International medical teams aid Haiyan victims


TACLOBAN CITY, Philippines - With typhoon Haiyan washing off medicines and damaging hospitals, much-needed medical aid from overseas is in Tacloban to tend the wounded.

Bea Cupin reports.

Different flags, countries, cultures. International aid continues to pour into central Philippines.

The Japanese too have returned — they were once kicked out of Leyte in World War II by the forces of US General Douglas MacArthur. They are back— this time to provide medical aid. But language barriers can sometimes be an obstacle. The Japanese International Cooperation Agency has an ace up its sleeve - Filipino-speaking deputy team leader Shigehiro Matsuda.

SHIGEHIRO MATSUDA, JAPAN INTERNATIONAL COOPERATION AGENCY: Malakas kasi ang relasyon ng Hapon at Pilipinas siguro wala kaming choice na hindi pupunta, hindi tumulong sa kaibigang Filipino. (Japan and the Philippine have strong relations. We can't not help our Filipino friends.)

With Shigehiro and other translators, the Japanese go around Tacloban and towns devastated by Yolanda.

SHIGEHIRO MATSUDA, JAPAN INTERNATIONAL COOPERATION AGENCY: Ilang beses akong nakapunta sa Tacloban City kaya syempre alam ko kung gaano yung lugar na ito kaya talagang malungkot ako noong makita ko ang kalagayan. (I've been to Tacloban before so I know what it looks like. That's why I was really saddened to see it after Yolanda.)

For a team of firemen from France, giving aid is a little more difficult. Some don't speak English. The firemen team up with another group from France, Doctors Without Borders.

DR. BENARD CHRISTOPHE, FRENCH FIREMAN: We saw that there was the MSF (Doctors Without Borders) which is French, so the language is more... and they're just inside to do the hospital.

Doctors Without Borders will construct an inflatable hospital within the week to fill the vacuum left behind by the now paralyzed Bethany Hospital.

The foreigners aren't just from Europe and America, Turkey - a nation at the crossroads of Asia and Europe, also has nationals here. Ismail Buyukay and his team rushed to Tacloban right after they heard about Yolanda.

ISMAIL BUYUKAY, KIMSE YOK MU COORDINATOR: We have seen earthquakes and other disasters so when we came here and saw how it was, we were shocked.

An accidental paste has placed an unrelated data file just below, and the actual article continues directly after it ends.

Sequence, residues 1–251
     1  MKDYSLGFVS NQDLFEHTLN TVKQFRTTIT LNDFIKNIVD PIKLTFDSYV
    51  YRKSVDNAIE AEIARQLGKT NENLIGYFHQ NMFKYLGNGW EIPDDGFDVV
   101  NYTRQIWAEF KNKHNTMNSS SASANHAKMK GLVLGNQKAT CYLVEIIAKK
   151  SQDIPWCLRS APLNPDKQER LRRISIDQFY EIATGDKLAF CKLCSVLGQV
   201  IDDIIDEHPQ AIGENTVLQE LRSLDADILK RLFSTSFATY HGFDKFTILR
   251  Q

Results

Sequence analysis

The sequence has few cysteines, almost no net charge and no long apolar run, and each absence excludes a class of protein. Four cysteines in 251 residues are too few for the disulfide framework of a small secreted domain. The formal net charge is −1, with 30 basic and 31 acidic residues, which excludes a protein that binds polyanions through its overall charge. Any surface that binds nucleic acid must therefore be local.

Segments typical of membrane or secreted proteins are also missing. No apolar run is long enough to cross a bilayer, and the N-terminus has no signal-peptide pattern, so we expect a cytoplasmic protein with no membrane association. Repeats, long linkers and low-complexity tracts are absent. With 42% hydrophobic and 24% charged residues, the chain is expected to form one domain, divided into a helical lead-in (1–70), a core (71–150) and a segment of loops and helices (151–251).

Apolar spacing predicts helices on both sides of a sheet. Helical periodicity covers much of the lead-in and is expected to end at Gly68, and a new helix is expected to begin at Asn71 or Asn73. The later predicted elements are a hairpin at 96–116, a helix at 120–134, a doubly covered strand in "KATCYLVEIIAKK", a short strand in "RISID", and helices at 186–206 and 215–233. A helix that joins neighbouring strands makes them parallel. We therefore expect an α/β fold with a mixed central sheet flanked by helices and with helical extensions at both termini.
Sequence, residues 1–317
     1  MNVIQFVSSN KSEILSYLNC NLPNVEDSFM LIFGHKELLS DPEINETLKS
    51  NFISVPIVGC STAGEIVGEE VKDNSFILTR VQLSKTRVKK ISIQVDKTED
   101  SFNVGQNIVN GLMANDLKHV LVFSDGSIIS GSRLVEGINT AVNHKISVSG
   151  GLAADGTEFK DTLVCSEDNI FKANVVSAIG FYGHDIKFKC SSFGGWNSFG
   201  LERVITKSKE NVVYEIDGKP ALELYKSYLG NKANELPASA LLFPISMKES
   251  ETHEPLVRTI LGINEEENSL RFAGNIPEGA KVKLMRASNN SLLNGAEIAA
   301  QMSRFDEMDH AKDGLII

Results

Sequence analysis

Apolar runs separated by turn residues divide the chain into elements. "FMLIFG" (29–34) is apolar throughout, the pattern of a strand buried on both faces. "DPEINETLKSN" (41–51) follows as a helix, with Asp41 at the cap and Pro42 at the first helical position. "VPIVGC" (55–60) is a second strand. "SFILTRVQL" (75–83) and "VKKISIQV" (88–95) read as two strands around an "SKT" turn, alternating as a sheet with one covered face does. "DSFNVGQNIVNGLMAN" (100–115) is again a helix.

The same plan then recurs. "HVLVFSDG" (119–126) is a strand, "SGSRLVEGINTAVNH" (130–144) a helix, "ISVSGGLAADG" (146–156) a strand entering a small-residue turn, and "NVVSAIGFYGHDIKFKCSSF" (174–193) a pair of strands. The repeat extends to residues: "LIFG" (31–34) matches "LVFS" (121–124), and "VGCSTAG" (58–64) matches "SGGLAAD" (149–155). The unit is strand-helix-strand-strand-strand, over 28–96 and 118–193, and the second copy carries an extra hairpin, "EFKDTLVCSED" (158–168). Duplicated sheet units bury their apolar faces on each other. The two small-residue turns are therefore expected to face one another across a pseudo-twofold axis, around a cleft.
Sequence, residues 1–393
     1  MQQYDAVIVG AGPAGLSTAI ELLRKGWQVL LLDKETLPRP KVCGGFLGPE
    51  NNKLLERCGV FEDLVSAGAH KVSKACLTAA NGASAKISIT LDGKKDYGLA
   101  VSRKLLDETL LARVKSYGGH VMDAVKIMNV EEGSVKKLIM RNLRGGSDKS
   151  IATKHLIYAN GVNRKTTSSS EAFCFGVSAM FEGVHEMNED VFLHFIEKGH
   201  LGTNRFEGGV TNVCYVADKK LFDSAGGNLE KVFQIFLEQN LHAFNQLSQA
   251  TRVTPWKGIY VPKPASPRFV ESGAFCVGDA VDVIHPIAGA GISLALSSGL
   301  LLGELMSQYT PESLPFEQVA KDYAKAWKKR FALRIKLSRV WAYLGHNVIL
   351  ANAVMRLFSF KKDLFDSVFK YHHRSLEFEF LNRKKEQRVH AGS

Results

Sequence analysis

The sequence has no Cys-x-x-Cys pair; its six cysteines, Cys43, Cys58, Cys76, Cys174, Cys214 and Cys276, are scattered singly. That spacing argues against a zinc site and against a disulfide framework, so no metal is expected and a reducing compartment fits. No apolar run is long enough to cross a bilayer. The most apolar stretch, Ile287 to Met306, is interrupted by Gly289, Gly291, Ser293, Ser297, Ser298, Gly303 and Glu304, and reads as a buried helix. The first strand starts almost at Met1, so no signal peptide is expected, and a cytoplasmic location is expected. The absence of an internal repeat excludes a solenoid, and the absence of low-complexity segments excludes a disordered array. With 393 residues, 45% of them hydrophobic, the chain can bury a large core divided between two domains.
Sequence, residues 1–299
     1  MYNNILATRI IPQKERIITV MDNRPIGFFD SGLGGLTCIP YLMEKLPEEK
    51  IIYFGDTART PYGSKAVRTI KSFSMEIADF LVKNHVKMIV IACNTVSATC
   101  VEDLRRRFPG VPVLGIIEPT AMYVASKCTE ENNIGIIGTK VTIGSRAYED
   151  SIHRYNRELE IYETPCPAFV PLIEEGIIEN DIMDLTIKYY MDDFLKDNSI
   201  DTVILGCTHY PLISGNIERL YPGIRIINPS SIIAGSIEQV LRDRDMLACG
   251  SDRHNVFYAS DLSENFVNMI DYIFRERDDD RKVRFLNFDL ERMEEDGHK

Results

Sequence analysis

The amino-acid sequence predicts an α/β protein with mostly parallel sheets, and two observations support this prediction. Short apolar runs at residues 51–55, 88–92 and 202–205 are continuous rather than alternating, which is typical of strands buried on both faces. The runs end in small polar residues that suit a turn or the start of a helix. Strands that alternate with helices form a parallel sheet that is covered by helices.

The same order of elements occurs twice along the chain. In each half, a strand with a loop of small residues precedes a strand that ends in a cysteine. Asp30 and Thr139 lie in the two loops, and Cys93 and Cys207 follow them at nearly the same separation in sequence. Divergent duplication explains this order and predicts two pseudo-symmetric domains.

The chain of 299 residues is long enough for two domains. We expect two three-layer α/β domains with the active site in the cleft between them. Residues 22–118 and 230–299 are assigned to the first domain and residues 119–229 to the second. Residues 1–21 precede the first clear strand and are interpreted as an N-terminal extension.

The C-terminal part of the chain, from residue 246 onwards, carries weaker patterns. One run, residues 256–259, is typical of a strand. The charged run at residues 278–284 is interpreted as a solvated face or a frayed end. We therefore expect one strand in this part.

An NGO from Turkey will send 300 tents to Tacloban. Twelve doctors are also on their way here.

ISMAIL BUYUKAY , KIMSE YOK MU DISASTER COORDINATOR: However, it is a far country from Turkey but whenever disaster strikes, we would like to help those people.

The foreigners say they've been to many disasters around the globe. But they all react the same way to Tacloban: shock.

Shigehiro studied in UP Diliman for 2 years. He says he's amazed to see the Filipino spirit is so resilient.

SHIGEHIRO MATSUDA, JAPAN INTERNATIONAL COOPERATION AGENCY: May mga ngiti sa mukha nila, so medyo relieved na ako. (They're still smiling so I'm slightly relieved.)

Bea Cupin, Rappler, Tacloban. - Rappler.com

The Long Road to Tacloban 
Rappler has set up a base in Tacloban to gather stories in Leyte and Eastern Samar, especially in the towns and villages that sufficient aid and most media have yet to reach. 

On November 14, they set out for Tacloban – by land – from our headquarters in Pasig City. The 36-hour trip took them through the provinces most heavily devastated by Super Typhoon Yolanda (Haiyan). Here, they shared with us what they saw along the way, capturing images of destruction and despair, narrating stories of anguish, hope, and heroism. 

Their journey continues. They are finding people. The stories keep coming. Their and these people's voices are here.

Follow their story here

Help the victims of Typhoon Yolanda (international codename: Haiyan). Visit Rappler's list ofongoing relief operations in your area. Tell us about your relief and recovery initiatives, emailmove.ph@rappler.com or tweet us @moveph 

Visit rappler.com/typhoon-yolanda for the latest updates on Typhoon Yolanda.

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